percent improved with treatment percent improved with placebo

(3)

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difference, which is also used to compute the POB for binary

variables. As Kraemer and Kupfer showed, NNT can be defined

for continuous variables if we assume that a treated patient has

a successful outcome if the outcome is better than a randomly

selected nontreated patient.10 We can then compute:

NNT =

1

2 (POB 1)

(4)

the POB corresponds to varying values of the NNT. Statas software was used to make the computations.16 Figure 2 presents

the results.

As the SMD approaches zero, the NNT becomes very large.

When the SMD = 1, the NNT = 2. As with the POB, the incremental change in the NNT is small for SMDs greater than two.

Ideally, the NNT would be very small. For example, when

NNT = 2, for every two patients who are treated, one will have

a good outcome. The NNT exceeds one for effective therapies

20

15

10

0

0

NNT =

1

2

3

Standardized mean difference

and the probability of benefit.

this suggests that the SMDs probably represent true differences between the studies. SMDs that have overlapping CIs

suggest that the difference in magnitude of the SMDs might

not be statistically significant.

Cohen5 offered the following guidelines for interpreting the

magnitude of the SMD in the social sciences: small, SMD =

0.2; medium, SMD = 0.5; and large, SMD = 0.8.

and the number needed to treat.

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Page 703

and is negative if a treatment is harmful. The main advantage

of the NNT is its straightforward clinical interpretation. It also

can be easily used to weigh the costs and benefits of treatment.

In this framework, the cost of achieving one successful treatment is not only the amount incurred for the patient who

improved; the cost also includes the amount incurred in treating patients who do not improve. Therefore, if the cost of a

single therapy is C, the cost of achieving one successful treatment is C * NNT. If the costs of two therapies are C1 and C2 and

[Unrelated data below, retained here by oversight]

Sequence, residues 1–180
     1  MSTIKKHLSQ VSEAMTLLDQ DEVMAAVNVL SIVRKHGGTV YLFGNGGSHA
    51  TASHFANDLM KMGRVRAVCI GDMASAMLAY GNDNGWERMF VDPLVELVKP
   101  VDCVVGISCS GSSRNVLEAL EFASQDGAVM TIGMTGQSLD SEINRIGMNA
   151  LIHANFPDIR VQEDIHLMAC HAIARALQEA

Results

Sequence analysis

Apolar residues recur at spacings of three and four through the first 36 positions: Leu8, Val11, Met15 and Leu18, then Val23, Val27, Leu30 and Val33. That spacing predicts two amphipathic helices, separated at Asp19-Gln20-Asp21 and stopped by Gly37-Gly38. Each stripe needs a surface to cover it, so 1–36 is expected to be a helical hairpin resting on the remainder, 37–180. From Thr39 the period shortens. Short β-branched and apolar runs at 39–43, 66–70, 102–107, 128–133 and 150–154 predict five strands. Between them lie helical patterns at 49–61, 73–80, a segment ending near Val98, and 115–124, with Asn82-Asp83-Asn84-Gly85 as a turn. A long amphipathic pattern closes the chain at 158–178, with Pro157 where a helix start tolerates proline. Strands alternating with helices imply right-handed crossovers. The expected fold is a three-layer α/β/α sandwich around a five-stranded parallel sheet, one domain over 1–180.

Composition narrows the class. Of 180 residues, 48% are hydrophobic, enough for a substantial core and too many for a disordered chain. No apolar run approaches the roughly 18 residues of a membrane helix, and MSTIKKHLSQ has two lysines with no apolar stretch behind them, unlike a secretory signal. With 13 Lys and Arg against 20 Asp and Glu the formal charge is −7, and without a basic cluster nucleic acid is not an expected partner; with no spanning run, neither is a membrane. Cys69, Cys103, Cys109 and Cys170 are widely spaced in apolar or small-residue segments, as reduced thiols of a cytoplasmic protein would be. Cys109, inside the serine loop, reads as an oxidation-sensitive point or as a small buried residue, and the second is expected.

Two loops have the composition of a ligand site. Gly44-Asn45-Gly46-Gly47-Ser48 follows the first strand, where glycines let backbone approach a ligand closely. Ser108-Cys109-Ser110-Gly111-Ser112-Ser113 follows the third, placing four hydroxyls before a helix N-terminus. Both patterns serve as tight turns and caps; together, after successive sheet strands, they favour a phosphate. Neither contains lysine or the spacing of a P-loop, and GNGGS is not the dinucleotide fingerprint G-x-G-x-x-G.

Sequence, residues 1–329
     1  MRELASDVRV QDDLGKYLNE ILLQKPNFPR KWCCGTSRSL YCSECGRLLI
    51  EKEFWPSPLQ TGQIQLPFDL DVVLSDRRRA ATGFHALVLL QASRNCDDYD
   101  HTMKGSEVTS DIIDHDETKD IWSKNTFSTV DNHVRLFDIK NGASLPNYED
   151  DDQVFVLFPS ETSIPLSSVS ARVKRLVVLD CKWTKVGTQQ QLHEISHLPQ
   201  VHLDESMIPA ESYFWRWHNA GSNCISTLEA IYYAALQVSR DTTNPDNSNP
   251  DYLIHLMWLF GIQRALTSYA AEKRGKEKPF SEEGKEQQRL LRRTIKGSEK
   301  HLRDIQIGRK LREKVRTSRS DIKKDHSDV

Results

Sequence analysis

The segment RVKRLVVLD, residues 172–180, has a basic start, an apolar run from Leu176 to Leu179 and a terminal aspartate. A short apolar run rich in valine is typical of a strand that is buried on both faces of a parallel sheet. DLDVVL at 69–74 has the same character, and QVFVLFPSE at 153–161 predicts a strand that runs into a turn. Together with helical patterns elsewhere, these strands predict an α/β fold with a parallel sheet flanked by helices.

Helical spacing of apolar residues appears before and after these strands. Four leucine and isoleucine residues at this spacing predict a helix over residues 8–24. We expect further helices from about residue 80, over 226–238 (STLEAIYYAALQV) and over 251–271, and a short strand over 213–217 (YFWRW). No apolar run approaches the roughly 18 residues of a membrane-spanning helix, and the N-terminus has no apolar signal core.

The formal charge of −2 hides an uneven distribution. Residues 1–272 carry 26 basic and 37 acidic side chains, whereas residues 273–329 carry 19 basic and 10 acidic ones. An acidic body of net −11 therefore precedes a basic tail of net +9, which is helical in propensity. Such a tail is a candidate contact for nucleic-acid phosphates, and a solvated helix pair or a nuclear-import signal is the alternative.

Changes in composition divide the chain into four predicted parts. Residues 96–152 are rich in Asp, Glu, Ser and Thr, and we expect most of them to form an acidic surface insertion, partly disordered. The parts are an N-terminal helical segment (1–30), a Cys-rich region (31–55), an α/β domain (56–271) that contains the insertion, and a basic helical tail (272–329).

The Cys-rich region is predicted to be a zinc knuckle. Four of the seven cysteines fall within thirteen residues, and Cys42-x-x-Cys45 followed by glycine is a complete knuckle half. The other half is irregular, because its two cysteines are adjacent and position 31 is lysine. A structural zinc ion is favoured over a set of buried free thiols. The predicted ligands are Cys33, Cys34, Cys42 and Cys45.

their NNTs are NNT1 and NNT2, the relative cost of the first

treatment, compared with the second, is:

C1 NNT1

C 2 NNT2

(5)

as doubling the cost of the treatment.

Relative Risk

A simple measure of effect magnitude would be to use the

percentage of patients who improve in the treated group as a

comparative index of efficacy in different studies; however, this

would be wrong. Although statistics involving percentages of

improvement are easy to understand, they cannot be interpreted meaningfully without referring to the percentage of

improvement observed in a placebo group, especially when

improvement is defined in an arbitrary manner such as a 30%

reduction in a symptom outcome score.

One solution to this problem is to express drugplacebo differences in improvement as the relative risk for improvement,

which is computed as the ratio of the percentage of patients

who improved in the treatment group divided by the percentage of patients who improved in the placebo group:

relative risk for improvement =

percentage improved with placebo

(6)

term is widely used in the sense of probability rather than risk

of a negative outcome. Relative risk is easily interpreted: it is

the number of times more likely a patient is to improve with

treatment compared with placebo. Therefore, a relative risk for

improvement of 10 would mean that 10 treated patients improved for every untreated patient.

Odds Ratio

As its name indicates, the odds ratio is computed as the ratio

of two odds: the odds of improvement with treatment and the

odds of improvement with placebo. The formula is:

odds ratio =

odds of improvement with placebo

(7)

ratio of the percentage of patients improved with treatment to

the percentage not improved with treatment. The odds of

improvement with placebo are computed in a similar manner.

The odds ratio indicates the increase in the odds for improve-

also have an associated CI to allow one to decide on the reliability of the comparison.

Because thinking about percentage improvement is more

intuitive than thinking about odds of improvement, most

people find it easier to understand and interpret the relative risk

for the improvement statistic compared with the odds ratio.

However, relative risk has an interpretive disadvantage, which

is best explained with an example.

Suppose a new treatment has a 40% improvement rate compared with a standard treatment (at 10%). The relative risk for

improvement is 40/10, so the new treatment seems to be four